Data explorer

Logan Symposium: Google Public Data Explorer from Berkeley Graduate School of Journalism on

4th Annual Logan Symposium on Investigative Reporting


Uploaded on Jun 2, 2010

Complete video at:…

Using Google’s new Public Data Explorer tool, Ola Rosling demonstrates the effectiveness of visualizing datasets. Looking toward the next political election, Rosling hopes voters will use the tool to answer questions like: How was the money spent? Where are the biggest problems?


Ola Rosling of Google Public Data gives a presentation titled, “Google Public Data Explorer” at the Berkeley Graduate School of Journalism. This program was recorded on April 18, 2010.

Ola Rosling co-founded the Gapminder Foundation and led the development of Trendalyzer, a software that converts time series statistics into animated, interactive and comprehensible graphics. The aim of his work is to promote a fact-based world view through increased use and understanding of freely accessible public data.

In March 2007, Google acquired the Trendalyzer software, where Rosling and his team are now scaling up their tools and making them freely available for any individual or organization to use for analyzing and visualizing data.

Google Privacy Policy

We’re getting rid of over 60 different privacy policies across Google and replacing them with one that’s a lot shorter and easier to read. Our new policy covers multiple products and features, reflecting our desire to create one beautifully simple and intuitive experience across Google.
We believe this stuff matters, so please take a few minutes to read our updated Privacy Policy and Terms of Service at These changes will take effect on March 1, 2012.
Got questions?
We’ve got answers.
Visit our FAQ at to read more about the changes. (We figured our users might have a question or twenty-two.)

States Move on Privacy Law

Over two dozen privacy laws have passed this year in more than 10 states, in places as different as Oklahoma and California.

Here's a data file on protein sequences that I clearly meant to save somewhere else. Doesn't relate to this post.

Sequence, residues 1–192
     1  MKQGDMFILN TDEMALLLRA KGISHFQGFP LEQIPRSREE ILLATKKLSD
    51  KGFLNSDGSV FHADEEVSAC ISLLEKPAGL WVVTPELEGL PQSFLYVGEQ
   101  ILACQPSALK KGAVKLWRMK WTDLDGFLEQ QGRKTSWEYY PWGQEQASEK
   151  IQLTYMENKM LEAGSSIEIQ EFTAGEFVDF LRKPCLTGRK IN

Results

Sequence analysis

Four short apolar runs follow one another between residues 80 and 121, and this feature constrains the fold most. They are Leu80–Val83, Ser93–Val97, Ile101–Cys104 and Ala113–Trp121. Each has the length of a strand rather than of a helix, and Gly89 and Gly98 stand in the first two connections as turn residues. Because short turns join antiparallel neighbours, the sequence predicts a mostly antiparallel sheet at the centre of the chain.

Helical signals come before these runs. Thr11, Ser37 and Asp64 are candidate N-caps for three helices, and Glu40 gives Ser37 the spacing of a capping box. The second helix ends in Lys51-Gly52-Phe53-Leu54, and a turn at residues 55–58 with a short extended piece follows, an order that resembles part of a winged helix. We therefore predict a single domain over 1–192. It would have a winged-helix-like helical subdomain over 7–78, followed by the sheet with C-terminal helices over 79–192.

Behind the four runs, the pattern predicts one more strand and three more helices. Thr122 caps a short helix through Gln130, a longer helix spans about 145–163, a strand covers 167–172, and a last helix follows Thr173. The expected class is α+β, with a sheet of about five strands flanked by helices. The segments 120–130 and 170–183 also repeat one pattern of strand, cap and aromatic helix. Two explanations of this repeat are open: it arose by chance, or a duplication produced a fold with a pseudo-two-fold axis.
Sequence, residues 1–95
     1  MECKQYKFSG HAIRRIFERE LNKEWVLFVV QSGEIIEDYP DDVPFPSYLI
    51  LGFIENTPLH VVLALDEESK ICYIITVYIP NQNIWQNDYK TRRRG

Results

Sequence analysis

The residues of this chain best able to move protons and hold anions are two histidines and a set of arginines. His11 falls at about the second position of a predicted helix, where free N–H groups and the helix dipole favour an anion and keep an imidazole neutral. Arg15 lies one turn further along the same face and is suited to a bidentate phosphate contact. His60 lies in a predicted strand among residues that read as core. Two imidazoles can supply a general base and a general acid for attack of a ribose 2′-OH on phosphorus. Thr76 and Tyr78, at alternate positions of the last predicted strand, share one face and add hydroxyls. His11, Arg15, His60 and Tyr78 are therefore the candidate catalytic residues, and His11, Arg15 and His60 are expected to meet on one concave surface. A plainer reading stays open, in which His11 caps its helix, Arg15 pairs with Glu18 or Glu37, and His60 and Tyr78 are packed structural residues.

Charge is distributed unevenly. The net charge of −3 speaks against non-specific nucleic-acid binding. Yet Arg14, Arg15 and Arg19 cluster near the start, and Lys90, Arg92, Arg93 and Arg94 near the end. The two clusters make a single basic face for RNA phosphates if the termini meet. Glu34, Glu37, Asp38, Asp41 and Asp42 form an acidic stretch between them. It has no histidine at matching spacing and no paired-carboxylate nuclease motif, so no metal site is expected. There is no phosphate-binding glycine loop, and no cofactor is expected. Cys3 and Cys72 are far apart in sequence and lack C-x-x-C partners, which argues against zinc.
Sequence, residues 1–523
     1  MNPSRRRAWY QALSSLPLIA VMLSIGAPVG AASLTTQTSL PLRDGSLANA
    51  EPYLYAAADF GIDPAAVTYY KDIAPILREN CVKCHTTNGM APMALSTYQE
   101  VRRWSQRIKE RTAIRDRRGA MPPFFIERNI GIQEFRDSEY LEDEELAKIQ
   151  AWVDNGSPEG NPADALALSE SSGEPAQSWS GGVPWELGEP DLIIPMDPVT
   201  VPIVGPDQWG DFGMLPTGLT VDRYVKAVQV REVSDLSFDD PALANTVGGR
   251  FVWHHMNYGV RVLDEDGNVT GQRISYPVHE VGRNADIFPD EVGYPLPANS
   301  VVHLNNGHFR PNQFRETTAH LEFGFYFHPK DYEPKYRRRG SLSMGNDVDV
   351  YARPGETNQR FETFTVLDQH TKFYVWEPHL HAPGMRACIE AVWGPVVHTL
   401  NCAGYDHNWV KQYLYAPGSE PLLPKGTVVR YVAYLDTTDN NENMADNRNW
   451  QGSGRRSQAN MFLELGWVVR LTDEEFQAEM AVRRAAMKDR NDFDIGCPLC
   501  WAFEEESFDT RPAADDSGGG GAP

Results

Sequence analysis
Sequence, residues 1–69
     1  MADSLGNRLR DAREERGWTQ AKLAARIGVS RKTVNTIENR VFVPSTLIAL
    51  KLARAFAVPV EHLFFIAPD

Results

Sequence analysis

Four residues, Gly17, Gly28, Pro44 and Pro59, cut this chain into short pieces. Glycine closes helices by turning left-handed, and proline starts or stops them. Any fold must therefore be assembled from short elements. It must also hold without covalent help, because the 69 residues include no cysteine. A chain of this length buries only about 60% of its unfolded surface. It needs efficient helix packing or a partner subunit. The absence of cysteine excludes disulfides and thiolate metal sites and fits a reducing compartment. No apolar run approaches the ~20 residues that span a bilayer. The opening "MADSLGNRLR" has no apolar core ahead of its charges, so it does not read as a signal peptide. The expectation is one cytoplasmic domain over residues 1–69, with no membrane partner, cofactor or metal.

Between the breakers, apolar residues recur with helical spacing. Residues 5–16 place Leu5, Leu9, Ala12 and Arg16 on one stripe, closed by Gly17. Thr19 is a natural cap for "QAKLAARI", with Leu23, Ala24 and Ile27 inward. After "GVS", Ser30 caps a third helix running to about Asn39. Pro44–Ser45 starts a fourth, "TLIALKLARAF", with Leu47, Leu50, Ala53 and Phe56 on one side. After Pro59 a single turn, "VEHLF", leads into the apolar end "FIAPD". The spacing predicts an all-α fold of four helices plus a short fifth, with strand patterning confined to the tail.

For Internet companies, the patchwork of rules across the country means keeping a close eye on evolving laws to avoid overstepping.

Continue reading “Google Privacy Policy”


Ajax (also AJAX; /ˈæks/; an acronym for Asynchronous JavaScript and XML)[1] is a group of interrelated web development techniques used on the client-side to create asynchronous web applications. With Ajax, web applications can send data to, and retrieve data from, a server asynchronously (in the background) without interfering with the display and behavior of the existing page. Data can be retrieved using the XMLHttpRequest object. Despite the name, the use of XML is not required (JSON is often used instead), and the requests do not need to be asynchronous.[2]

Ajax is not a single technology, but a group of technologies. HTML and CSS can be used in combination to mark up and style information. The DOM is accessed with JavaScript to dynamically display, and allow the user to interact with, the information presented. JavaScript and the XMLHttpRequest object provide a method for exchanging data asynchronously between browser and server to avoid full page reloads.

The Document Object Model (DOM) is a cross-platform and language-independent convention for representing and interacting with objects in HTML, XHTML and XML documents.[1] Objects in the DOM tree may be addressed and manipulated by using methods on the objects. The public interface of a DOM is specified in its application programming interface (API). The history of the Document Object Model is intertwined with the history of the “browser wars” of the late 1990s between Netscape Navigator and Microsoft Internet Explorer, as well as with that of JavaScript and JScript, the first scripting languages to be widely implemented in the layout engines of web browsers.